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Immigration Minister hits pause on family reunification applications

Jason Kenney is walking a fine political line: seeking to slim a bloated immigration backlog without jeopardizing his Conservative government's support among new Canadians – many of whom voted Conservative in the last election.

That careful balancing act was on display Friday when the Citizenship and Immigration Minister placed a two-year moratorium on applications from parents and grandparents seeking to reunite with family members in Canada.

The freeze is intended to thin a family-reunification backlog that could soon produce wait times of up to ten years.

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But to counter concerns that Mr. Kenney is trying to curtail family reunification, the Conservative government introduced a new and generous visa for parents and grandparents who want to stay with their family in Canada.

"We understand how important it is for Canadians, including new Canadians, to live with their loved ones," Mr. Kenney declared at a news conference Friday.

But "we need to change the math."

About 6 per cent of all immigrants to Canada are parents and grandparents of existing immigrants. But family-unification applications have far outstripped available spaces, creating a backlog of 165,000 applicants and wait times of seven years, which will lengthen to 10 years by 2018 if there are no changes.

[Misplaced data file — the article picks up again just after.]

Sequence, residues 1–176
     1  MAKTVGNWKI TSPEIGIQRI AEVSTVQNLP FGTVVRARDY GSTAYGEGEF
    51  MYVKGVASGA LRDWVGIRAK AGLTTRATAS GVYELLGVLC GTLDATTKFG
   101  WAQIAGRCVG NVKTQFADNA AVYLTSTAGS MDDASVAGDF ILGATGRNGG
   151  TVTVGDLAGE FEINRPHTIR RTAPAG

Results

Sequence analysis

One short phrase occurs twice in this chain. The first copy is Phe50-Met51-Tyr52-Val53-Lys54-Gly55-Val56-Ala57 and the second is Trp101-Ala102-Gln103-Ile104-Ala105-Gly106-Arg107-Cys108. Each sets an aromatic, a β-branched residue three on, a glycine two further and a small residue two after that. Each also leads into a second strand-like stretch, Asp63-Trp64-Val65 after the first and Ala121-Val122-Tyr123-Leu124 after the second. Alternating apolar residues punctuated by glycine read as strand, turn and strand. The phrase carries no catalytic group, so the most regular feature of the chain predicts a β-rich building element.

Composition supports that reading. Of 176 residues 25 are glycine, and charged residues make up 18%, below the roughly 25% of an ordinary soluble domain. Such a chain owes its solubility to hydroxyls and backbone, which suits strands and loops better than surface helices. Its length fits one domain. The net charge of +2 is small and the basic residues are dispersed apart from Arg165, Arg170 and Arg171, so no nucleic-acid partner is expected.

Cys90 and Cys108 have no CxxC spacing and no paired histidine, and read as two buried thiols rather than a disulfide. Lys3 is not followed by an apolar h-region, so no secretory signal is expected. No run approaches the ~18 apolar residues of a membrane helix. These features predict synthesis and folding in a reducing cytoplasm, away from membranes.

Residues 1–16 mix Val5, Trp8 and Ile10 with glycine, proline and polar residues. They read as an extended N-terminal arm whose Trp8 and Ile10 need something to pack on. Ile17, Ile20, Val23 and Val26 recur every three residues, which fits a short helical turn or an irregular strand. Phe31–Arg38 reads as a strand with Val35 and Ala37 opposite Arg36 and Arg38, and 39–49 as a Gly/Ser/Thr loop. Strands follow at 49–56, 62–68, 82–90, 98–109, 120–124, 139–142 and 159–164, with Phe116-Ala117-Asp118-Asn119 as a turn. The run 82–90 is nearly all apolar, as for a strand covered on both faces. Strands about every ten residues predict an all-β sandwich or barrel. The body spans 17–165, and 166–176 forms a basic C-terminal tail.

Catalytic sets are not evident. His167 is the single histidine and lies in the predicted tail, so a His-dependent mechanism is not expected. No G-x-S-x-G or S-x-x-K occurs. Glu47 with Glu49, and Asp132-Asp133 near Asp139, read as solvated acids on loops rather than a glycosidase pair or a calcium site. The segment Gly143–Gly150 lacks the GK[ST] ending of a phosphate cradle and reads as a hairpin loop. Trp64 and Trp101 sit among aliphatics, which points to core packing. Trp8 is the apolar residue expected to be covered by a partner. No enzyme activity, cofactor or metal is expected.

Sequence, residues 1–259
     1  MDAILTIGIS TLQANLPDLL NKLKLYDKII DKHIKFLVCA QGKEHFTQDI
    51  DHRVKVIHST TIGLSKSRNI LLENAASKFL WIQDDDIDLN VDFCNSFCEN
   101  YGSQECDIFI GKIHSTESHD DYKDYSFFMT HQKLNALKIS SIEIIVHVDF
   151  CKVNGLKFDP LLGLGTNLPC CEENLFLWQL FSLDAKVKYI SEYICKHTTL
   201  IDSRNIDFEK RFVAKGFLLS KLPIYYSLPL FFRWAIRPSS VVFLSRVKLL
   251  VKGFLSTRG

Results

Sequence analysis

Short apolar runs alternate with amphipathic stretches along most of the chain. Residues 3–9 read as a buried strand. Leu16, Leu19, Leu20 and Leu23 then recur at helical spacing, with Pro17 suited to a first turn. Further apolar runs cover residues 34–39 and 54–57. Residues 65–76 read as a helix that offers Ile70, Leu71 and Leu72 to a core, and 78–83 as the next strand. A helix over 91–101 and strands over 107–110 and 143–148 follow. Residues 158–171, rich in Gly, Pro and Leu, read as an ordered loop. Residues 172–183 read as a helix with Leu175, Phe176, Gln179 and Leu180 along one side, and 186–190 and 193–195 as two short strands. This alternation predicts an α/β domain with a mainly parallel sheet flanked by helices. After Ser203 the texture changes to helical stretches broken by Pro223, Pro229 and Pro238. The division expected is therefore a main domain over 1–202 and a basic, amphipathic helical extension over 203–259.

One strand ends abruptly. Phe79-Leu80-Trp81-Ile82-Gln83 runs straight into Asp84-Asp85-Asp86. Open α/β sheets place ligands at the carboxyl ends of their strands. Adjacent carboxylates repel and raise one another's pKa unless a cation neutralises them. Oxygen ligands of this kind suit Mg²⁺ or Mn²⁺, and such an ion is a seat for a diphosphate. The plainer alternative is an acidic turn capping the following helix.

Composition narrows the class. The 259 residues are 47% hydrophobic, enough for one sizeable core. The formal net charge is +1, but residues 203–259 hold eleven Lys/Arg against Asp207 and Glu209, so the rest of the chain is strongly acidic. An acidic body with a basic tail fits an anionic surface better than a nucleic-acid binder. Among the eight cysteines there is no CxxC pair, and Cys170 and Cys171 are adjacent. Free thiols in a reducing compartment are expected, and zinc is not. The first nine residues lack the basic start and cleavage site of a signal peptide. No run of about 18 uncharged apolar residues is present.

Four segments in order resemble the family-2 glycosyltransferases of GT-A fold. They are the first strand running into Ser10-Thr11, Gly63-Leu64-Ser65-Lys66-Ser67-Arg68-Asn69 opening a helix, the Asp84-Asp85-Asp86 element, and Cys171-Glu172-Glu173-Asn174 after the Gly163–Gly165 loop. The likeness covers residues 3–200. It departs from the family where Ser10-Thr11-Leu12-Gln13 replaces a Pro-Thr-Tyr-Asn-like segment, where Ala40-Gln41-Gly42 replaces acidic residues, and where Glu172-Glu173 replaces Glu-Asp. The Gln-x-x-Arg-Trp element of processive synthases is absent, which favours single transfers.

"That is why it is absolutely essential that we bring in a temporary pause on applications," Mr. Kenney said.

The moratorium is expected to reduce the backlog to about 50,000, while the government seeks to craft a new application process that matches the number of people who are allowed to apply to spaces available. In the meantime, the quota for parental and grandparental admissions will increase by 60 per cent, to 25,000 admissions a year, to further clear the backlog.

For those who waiting to immigrate or to get on the list, the new 10-year visa will allow parents and grandparents to stay for as long as two years at a stretch. However they must, if required, take a medical exam first; they must purchase private medical insurance while in Canada, and their children or grandchildren must be able to demonstrate that they can support the visiting relative.

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Don Davies, NDP immigration critic, welcomed the new visa and the increased intake of parents and grandparents. But he added that the best way to overcome all of the backlogs in the immigration system would be to increase the intake from about 250,000 a year to about 330,000, or 1 per cent of the population.

"We're not saying this for compassionate, fuzzy-wuzzy, lefty" reasons, Mr. Davies said. Increasing immigration levels are necessary to meet future labour shortages brought on by an aging society, he maintained.

Friday's announcement caps a week of new initiatives by the Conservative government that focus on increasing the number of highly skilled and highly educated immigrants coming to Canada.

Overall, however, family-class immigrants continue to make up about 65 per cent of all applicants.

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About the Author

John Ibbitson started at The Globe in 1999 and has been Queen's Park columnist and Ottawa political affairs correspondent.Most recently, he was a correspondent and columnist in Washington, where he wrote Open and Shut: Why America has Barack Obama and Canada has Stephen Harper. He returned to Ottawa as bureau chief in 2009. More

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